Wissahickon Valley Park's Forbidden Drive was recently named trail of the year by Pennsylvania officials for its unique five miles of twists and turns that wind through the city but that can feel as if they are miles from anywhere.

Now Mother Nature is doing her best to wreck trees along the trail — and experts fear trees already stressed by climate and other environmental factors will take another hit with the next nor'easter forecast to start shortly. That means damage to the forest, and a lot of  heavy, dangerous work for volunteers as well as professionals.

"In this past storm we have received reports of 10 or 20 trees down across the trails," said Peg Shaw, director of land management for Friends of the Wissahickon, a 2,000-member nonprofit that works with Philadelphia's Parks and Recreation Department. That estimate doesn't include all the trees that have fallen in the woods away from trails.

But the worst might be yet to come for the trees, with up to six inches of wet, heavy snow set to fall on Philadelphia — accompanied by high winds — starting Tuesday and continuing into Wednesday.  Soil around the trees is already sodden everywhere in the region, including the 1,800 acres of park running from the city's northwestern corner down to East Falls.

Shaw said the park was already under tremendous stress due to climate change.  More frequent, powerful storms are taking their toll.  Invasive species make the trees more vulnerable. In addition, development around the park slopes is eroded by storm-water runoff from impervious areas, such as roofs, parking lots, and streets.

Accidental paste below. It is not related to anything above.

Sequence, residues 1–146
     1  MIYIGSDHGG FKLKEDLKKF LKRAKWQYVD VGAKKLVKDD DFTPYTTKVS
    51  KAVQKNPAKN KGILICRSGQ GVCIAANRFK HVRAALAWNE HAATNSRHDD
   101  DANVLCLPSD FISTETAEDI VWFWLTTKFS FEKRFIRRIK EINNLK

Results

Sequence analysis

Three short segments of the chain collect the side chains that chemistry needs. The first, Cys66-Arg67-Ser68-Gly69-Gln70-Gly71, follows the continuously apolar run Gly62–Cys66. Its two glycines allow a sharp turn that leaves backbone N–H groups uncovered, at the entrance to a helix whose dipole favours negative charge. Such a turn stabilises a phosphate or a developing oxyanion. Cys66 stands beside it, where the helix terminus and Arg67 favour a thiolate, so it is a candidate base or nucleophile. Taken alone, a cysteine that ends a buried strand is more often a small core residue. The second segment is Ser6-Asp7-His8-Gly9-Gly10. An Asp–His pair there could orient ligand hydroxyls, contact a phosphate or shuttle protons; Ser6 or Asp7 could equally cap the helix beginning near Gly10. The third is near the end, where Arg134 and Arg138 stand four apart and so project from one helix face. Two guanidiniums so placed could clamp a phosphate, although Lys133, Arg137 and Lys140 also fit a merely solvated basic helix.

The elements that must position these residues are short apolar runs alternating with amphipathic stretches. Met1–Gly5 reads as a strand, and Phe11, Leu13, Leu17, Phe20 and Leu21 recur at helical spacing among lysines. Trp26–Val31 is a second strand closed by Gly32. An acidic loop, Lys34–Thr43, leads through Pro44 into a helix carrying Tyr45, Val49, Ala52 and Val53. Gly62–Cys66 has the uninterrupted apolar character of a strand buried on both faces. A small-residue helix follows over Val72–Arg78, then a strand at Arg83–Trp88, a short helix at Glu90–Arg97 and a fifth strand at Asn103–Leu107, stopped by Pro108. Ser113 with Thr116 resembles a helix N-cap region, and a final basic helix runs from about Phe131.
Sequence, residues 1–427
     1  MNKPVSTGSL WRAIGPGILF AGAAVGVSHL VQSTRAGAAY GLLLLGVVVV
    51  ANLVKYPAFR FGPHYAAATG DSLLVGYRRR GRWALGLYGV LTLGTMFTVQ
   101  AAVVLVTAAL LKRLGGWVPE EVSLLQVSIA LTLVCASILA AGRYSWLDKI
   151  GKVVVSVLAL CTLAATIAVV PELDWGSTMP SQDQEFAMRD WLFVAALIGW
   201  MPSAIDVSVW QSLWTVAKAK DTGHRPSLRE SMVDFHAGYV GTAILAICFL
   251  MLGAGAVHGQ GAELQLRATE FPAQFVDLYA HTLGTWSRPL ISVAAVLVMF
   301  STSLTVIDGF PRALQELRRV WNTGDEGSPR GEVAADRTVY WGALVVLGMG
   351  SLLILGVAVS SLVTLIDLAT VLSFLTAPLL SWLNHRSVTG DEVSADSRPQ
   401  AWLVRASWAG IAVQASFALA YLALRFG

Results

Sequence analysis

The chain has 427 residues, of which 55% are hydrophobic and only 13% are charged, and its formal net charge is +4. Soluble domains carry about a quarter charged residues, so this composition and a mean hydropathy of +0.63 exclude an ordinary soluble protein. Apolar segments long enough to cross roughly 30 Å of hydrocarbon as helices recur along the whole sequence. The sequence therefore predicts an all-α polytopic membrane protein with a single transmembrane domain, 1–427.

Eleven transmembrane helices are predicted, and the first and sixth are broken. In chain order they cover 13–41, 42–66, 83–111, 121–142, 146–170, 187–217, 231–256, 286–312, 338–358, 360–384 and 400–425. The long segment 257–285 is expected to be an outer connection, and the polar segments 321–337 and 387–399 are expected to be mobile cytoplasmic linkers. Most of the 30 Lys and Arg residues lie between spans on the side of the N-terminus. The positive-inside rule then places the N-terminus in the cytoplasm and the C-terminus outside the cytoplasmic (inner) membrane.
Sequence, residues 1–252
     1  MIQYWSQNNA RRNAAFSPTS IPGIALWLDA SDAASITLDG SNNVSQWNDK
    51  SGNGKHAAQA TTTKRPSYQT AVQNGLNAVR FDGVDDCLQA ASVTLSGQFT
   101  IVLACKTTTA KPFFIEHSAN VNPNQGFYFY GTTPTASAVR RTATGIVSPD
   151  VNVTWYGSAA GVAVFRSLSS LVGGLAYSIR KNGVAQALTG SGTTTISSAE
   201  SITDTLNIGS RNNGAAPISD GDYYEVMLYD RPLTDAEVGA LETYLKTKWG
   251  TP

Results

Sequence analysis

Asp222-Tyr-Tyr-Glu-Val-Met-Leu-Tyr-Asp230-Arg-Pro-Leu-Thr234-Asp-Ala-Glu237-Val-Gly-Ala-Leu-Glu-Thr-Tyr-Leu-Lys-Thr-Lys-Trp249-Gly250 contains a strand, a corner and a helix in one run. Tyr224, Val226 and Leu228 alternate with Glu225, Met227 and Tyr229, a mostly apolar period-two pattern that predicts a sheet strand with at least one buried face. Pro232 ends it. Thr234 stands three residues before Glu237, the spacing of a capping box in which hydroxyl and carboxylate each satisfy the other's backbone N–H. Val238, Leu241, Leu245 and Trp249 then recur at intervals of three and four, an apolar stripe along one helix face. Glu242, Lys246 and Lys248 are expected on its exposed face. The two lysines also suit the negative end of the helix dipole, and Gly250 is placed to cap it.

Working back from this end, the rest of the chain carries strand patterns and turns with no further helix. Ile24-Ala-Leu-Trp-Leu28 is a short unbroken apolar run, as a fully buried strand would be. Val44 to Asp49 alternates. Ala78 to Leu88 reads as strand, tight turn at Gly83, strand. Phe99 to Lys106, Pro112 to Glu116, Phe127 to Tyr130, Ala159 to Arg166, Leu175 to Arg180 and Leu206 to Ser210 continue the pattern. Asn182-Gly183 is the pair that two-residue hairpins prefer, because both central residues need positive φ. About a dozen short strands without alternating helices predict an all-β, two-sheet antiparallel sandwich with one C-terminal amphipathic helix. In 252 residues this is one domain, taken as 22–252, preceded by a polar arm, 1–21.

"The Wissahickon is under a lot of environmental stressors," Shaw said. "That means the forest overall is not at its strongest place.  Our canopy trees are not as strong as they could be.  So anytime we get a storm like the one we just had, or the one we are expected to get, the trees are susceptible to snapping or falling."

Forbidden Drive, also called Wissahickon Valley Park Trail, was designated a National Recreation Trail in 1975 and remains a popular route for runners, walkers, and cyclists.  It runs five miles along Wissahickon Creek, passing Thomas Mill Covered Bridge and Valley Green Inn, and connects to 50 miles of dirt or rock trails.  The park is populated by tulip poplars, American beech, oaks, white pine, sycamores, box elders, and red maples, among other species.

Downed trees can close off wide sections of the park for users. The Friends of the Wissahickon ask volunteers to take GPS coordinates if they spot a fallen tree that blocks a trail.  That way, the organization can map the locations and dispatch crews.

The volunteer crews will scramble to cut and haul away the wood in time for heavy spring use of the trails.  Last year, they cleared 52 trees from just the upper part of the trail system. The volunteers often have to use chain saws and maneuver logs along steep, slippery slopes, which can be hazardous.

Shaw said erosion from storm water has helped weaken the grip that roots have on the soil. Runoff has created corrosive gullies — harsh environments for trees. To help prevent erosion, her group has launched a project aimed at mitigating the impact of surface water by enlarging a basin at the upper parking lot in the Northwest section.  It is installing a series of vegetated rock cascades leading from the basin down a hill and through forest.  A rain garden and swale are also being installed at the Wissahickon Environmental Center off Northwestern Avenue.